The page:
writing-tools

From Pockets to Handkerchiefs

4 Hanging Pockets - final selection

I finally completed my MA in September and the display included these plaster casts of empty pockets which I used as a metaphor for absence and to illustrate the remains or traces of a person revealed by dementia.

Having spent so long discussing why pockets (my father had empty pockets during his final years), I felt that I needed a slight change and wanted to focus more on the one thing that is found in pockets and handbags of dementia patients: handkerchiefs. I sent out a call on social media and whenever I did a talk with a quilting group, for donations of ladies handkerchiefs – I had cast a lot of trouser pockets and wanted to adjust the gender balance somewhat.

I was given beautiful lace and embroidered hankies, as well as printed colourful ones. I have a wonderful collection now and material for several hangings.

So I started to experiment – first of all sorting – very important as a delaying tactic! It took me a while to pluck up the courage to work with these gifts from people, even though I had been very clear that I would be ‘destroying’ them in the process of making something new.

I have 2 on the go at the moment: one is embellished and is really meant to be a sample, though I am rather enjoying the embroidery I am doing on it – more on that one once I have progressed to a more substantial piece. The second is a hanging where I combined all the printed hankies with those classic stripes all round the edges which make up a hankie which I thought, looked rather like a ready made 9-patch.

I had been wanting to cut up and reconstruct words for a while, suggesting fragmenting memories and language. So I organised 9 hankies into a further 9 patch and wrote on them in dye using 2 different tools.

 

9-patch-hankies

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To use some kind of structure for the cutting and re-assembly I thought about the relevance of the ‘disappearing 9 patch’ block and how that linked to the disappearing person and their relationships. So I decided to pursue that thought – but to try it out on paper first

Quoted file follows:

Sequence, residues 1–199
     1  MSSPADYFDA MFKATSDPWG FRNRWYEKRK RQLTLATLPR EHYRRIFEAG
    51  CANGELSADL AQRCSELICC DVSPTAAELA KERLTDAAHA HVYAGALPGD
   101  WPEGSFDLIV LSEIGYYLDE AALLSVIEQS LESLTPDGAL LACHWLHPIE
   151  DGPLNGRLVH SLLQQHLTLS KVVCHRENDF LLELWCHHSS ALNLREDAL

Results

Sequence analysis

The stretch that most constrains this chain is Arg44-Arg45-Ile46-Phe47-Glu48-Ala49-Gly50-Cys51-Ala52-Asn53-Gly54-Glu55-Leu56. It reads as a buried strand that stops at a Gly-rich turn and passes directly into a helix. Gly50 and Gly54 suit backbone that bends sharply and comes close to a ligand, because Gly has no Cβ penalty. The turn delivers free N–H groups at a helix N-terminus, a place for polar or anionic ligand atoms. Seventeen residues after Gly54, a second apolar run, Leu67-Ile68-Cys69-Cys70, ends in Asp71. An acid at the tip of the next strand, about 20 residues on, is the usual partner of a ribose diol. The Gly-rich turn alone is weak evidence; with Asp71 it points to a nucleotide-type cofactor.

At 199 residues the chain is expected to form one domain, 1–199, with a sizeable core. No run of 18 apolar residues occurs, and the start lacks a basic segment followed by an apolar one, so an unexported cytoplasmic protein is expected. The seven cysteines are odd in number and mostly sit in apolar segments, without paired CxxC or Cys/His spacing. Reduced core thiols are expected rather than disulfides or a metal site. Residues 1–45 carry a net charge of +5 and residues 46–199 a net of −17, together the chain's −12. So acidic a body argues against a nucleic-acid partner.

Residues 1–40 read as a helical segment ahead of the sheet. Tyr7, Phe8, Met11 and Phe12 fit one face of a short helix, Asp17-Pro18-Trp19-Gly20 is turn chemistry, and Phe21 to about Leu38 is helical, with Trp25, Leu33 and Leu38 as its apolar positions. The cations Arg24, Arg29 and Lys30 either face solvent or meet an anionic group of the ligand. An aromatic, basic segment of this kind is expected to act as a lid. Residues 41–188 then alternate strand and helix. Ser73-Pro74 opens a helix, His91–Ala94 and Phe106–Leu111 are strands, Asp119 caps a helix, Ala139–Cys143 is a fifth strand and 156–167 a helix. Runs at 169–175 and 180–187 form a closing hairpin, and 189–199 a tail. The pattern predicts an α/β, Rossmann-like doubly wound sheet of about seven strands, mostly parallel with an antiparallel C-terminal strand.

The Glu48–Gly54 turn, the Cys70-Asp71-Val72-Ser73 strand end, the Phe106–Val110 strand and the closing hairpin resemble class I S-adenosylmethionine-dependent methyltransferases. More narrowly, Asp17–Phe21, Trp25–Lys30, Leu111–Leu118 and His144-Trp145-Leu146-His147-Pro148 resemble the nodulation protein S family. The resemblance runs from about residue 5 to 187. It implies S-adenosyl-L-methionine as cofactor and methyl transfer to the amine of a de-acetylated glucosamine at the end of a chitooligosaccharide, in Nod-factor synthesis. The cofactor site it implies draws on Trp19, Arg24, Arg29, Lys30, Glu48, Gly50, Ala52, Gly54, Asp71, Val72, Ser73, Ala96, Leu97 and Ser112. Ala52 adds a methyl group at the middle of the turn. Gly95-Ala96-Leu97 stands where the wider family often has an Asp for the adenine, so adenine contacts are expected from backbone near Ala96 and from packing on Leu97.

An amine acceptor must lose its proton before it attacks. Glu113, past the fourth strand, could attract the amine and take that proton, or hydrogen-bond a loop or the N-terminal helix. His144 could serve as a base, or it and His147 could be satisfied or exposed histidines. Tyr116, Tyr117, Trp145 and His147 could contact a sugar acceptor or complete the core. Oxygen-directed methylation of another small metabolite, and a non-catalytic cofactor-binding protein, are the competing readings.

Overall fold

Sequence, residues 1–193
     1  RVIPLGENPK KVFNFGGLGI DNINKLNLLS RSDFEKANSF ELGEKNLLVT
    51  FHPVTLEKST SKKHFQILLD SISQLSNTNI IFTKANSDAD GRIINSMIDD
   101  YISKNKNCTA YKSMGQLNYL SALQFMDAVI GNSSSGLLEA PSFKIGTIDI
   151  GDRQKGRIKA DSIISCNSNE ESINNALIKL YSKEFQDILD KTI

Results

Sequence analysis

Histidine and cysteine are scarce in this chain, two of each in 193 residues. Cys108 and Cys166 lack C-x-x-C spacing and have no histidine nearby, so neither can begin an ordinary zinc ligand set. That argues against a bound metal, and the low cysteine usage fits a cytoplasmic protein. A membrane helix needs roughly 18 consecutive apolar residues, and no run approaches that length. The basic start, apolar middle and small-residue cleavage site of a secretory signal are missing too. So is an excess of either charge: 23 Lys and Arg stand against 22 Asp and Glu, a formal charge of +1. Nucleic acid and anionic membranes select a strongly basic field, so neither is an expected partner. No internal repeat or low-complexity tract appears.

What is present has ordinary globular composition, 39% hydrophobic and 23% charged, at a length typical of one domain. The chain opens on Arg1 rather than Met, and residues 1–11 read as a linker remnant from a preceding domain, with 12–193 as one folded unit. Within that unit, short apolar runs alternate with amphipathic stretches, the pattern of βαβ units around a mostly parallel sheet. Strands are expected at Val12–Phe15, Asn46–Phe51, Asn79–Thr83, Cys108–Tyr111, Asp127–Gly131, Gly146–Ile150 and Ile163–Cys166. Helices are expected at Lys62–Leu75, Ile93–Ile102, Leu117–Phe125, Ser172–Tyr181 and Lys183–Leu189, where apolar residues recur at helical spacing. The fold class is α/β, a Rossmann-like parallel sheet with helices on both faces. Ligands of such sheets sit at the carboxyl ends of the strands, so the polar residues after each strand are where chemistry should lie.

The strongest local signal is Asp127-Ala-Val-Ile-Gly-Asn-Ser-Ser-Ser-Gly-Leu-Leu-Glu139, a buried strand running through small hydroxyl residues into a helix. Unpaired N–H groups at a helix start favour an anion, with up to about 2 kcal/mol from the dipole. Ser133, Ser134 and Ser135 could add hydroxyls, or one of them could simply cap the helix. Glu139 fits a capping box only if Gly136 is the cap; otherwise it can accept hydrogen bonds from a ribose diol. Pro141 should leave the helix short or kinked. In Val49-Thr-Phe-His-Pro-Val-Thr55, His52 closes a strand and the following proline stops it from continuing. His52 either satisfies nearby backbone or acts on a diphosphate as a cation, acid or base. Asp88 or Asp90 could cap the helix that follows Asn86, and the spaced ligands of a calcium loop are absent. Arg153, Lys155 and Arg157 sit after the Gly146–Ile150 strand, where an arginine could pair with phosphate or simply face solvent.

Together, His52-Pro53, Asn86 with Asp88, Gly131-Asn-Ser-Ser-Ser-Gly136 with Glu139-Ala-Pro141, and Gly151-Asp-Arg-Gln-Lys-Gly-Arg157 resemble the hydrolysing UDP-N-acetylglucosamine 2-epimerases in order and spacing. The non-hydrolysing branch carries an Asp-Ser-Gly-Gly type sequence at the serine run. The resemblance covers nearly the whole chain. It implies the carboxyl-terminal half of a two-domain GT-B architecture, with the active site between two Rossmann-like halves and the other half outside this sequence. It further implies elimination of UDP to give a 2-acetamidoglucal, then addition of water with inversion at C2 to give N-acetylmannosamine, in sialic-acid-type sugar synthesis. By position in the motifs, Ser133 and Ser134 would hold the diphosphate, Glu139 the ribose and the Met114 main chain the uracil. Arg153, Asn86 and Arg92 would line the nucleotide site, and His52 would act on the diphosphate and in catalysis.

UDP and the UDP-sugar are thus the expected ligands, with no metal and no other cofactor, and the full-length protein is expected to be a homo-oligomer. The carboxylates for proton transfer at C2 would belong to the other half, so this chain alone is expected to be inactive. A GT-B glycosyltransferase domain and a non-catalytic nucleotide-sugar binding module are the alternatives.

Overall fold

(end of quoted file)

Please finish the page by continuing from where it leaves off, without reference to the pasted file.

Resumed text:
I had thought that I would follow the pattern of reconstructing the format of the original hankies and having trialled it on paper, I then tried it with the fabric. By this time I had decided that I would bond the hankies on to a white background, and as they were all different sizes I positioned them unevenly within regular squares to give some larger and smaller gaps. But when I reviewed the fabric version, I decided that it was still giving an image which was too regular and organised. So I went random – literally. I turned my pieces of paper over, juggled them up, and then turned them over one by one.

disappearing-9-patch

This is what I ended up with – after a couple of tweaks!

But it was all looking rather clean and fresh – I needed it so look older, worn, tired. So I have just got to the stage of doing flour paste resist on it.

First of all covering the whole top with flour paste, letting it dry, scrunching it up randomly (I did ponder whether to follow the grid nature of the piecing for the scrunching) and then painting India ink on. This last process I did do in a sort of random grid as I wanted some of the gaps and hankies to have no marks.

This last bit is really difficult to get right – too much or too little is hard to judge. You can only tell from looking at the back but with 2 layers of fabric and bondaweb in the mix even that is not any indication of what might show on the right side once it is washed off.

So now its a long and agonising wait to let the India ink cure sufficiently that it does not lift off with the hot soda which I use to soak off the flour paste. And then….do I mono print or laminate….?

 

 

 

 

 

 

 

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